You will eventually be able to do this once microlocation devices exist and ST uses them. Like iBeacons or Samsung’s Placedge, these won’t require movement to be detected, solving all the use cases you mention above, plus a personal concern for me, the person who falls or passes out and takes several minutes before they start moving again.
Microlocation will probably initially require a wearable for presence to be detected, although ultimately it may do things like listen for heartbeats.
My guess is we’ll have practical in home microlocation based on wearables or at least cellphones by summer 2016. (Apple’s HomeKit clearly assumes they’re coming.) and since this helps make the case for smart watches, I think Samsung may be on a similar timeline.
In the meantime…I personally like motion detectors to turn things on, but I don’t use them in residential installations to turn lights off unless a) the sensor is being used as a touchless switch intentionally triggered with a hand wave, b) they’re used to control a group, but at least one light is not automatically turned off.
My personal feeling from an engineering standpoint is just that motion sensors are usually the wrong technology to use for ongoing occupancy indicators. It’s always going to be hard to get the pattern just right.
But I do think the solution with a different technology is coming. Just not for a year or so.
It sounds like your motion coverage is inadequate to the task, if you are in there and the lights are turning off. A couple of things you could do: (1) add another motion sensor to get better coverage, (2) increase the time before it turns off from no motion so that there is a higher probability it sees motion before it turns off, (3) use code like the app I originally referenced above with a Minimote remote control (in this case, pressing a button on the Minimote could disable all of the motion-off logic).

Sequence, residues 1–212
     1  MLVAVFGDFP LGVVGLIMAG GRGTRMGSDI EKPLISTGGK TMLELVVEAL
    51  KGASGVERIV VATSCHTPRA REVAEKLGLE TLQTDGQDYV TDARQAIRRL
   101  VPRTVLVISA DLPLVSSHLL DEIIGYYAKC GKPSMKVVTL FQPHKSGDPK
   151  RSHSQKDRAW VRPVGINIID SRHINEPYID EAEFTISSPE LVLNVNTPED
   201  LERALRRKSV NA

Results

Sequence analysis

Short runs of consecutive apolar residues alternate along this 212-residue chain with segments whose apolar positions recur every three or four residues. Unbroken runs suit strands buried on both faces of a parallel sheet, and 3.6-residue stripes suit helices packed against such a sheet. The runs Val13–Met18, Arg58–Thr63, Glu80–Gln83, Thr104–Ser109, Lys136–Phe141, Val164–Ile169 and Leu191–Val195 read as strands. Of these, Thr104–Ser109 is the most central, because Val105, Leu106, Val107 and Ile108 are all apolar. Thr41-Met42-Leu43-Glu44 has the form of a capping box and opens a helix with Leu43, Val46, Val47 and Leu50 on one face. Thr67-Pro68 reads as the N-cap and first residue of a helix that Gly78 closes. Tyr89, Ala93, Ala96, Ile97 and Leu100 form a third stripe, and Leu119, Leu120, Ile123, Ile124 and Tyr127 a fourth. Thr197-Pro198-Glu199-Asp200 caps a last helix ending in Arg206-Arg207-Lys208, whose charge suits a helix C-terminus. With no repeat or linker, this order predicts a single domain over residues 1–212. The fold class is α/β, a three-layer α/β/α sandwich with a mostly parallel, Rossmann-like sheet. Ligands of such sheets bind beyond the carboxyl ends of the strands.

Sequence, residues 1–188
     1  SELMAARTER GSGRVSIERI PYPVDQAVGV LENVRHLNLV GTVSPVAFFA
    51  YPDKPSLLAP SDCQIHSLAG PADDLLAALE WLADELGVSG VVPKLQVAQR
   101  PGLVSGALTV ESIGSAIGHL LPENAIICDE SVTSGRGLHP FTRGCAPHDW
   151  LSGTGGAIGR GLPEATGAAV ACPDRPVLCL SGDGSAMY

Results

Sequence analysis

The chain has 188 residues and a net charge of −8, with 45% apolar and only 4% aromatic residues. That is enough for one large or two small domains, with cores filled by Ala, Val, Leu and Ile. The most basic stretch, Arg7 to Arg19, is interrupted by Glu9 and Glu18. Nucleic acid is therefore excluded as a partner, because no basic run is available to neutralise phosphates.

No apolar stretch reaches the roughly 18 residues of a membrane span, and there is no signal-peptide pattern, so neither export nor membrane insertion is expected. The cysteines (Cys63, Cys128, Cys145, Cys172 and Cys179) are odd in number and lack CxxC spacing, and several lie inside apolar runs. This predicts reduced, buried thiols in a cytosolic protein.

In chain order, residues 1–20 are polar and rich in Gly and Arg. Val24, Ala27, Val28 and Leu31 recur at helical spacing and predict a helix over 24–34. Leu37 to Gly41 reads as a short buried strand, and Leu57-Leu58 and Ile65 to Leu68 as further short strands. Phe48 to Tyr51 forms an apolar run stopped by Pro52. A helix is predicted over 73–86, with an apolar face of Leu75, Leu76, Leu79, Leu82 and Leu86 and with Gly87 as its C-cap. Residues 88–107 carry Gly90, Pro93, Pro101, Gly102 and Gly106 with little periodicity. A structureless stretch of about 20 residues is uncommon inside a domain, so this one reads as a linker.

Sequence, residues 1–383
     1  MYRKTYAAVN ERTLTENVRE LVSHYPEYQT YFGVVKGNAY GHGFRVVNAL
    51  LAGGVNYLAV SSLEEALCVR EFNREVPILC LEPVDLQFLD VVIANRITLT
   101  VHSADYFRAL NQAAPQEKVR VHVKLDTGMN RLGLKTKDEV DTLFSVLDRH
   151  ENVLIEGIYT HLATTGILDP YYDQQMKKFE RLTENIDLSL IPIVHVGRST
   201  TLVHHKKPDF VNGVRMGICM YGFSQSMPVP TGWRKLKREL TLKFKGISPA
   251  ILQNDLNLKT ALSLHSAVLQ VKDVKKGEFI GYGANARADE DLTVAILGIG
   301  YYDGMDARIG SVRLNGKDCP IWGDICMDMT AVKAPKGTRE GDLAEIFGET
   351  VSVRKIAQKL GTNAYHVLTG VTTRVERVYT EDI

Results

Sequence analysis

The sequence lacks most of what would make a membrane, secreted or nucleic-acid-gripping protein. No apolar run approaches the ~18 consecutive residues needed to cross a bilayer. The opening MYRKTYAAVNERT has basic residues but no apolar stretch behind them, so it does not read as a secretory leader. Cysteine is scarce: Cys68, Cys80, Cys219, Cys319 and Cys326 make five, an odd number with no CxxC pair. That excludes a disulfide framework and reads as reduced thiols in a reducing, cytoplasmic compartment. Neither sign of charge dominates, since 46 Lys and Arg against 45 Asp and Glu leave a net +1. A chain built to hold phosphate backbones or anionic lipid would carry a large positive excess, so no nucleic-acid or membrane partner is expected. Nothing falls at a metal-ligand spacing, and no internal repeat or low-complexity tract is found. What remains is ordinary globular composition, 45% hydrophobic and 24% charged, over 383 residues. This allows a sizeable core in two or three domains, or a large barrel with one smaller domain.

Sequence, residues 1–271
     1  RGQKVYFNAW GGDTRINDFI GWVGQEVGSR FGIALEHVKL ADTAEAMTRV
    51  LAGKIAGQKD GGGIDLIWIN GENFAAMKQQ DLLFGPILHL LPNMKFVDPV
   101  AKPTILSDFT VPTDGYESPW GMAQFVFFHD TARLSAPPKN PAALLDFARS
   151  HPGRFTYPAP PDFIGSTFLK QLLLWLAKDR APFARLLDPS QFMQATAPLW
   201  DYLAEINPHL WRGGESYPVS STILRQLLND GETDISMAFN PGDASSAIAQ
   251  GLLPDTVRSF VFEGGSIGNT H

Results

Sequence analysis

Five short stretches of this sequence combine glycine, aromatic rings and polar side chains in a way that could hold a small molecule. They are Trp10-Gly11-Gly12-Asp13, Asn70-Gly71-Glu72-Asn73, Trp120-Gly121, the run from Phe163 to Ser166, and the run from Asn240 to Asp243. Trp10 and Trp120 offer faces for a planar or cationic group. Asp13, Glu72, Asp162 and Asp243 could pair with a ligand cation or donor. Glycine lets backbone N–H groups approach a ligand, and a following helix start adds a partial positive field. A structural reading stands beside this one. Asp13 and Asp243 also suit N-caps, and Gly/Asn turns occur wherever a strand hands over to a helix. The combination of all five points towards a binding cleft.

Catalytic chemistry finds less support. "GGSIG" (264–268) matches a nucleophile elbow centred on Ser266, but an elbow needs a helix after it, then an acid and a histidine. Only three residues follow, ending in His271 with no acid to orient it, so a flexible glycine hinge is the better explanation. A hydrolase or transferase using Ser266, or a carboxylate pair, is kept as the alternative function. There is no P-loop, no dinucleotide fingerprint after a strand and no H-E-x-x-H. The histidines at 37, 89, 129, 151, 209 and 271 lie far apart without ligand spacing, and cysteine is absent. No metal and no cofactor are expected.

Your case 3) above will still run into the “tricky” issue from your previous post, won’t it?
I can’t kill the previously triggered off instruction once the sensor detected the initial the motion, can I?
Person walks into kitchen, tripping motion sensor, running app that turns lights on and schedules lights off after 5 minutes of no motion.
Person sits at kitchen table and starts reading.
Person hits button on minimote to leave lights on.
After 5 minutes of no motion have gone by, won’t lights still go off?
It depends on how you do the disabling. I clearly didn’t understand his use case / problem at first. Another, possibly superior way to do it is to use a mode. Pushing the Minimote button could cause a mode change to “Cooking”. If the “turn off on no motion” is mode restricted to other modes, just not Cooking, then the light won’t turn off. Forget the “turn off after a period of time” bit. These are kludges. As you pointed out, the source of the problem is relying on motion to turn things off.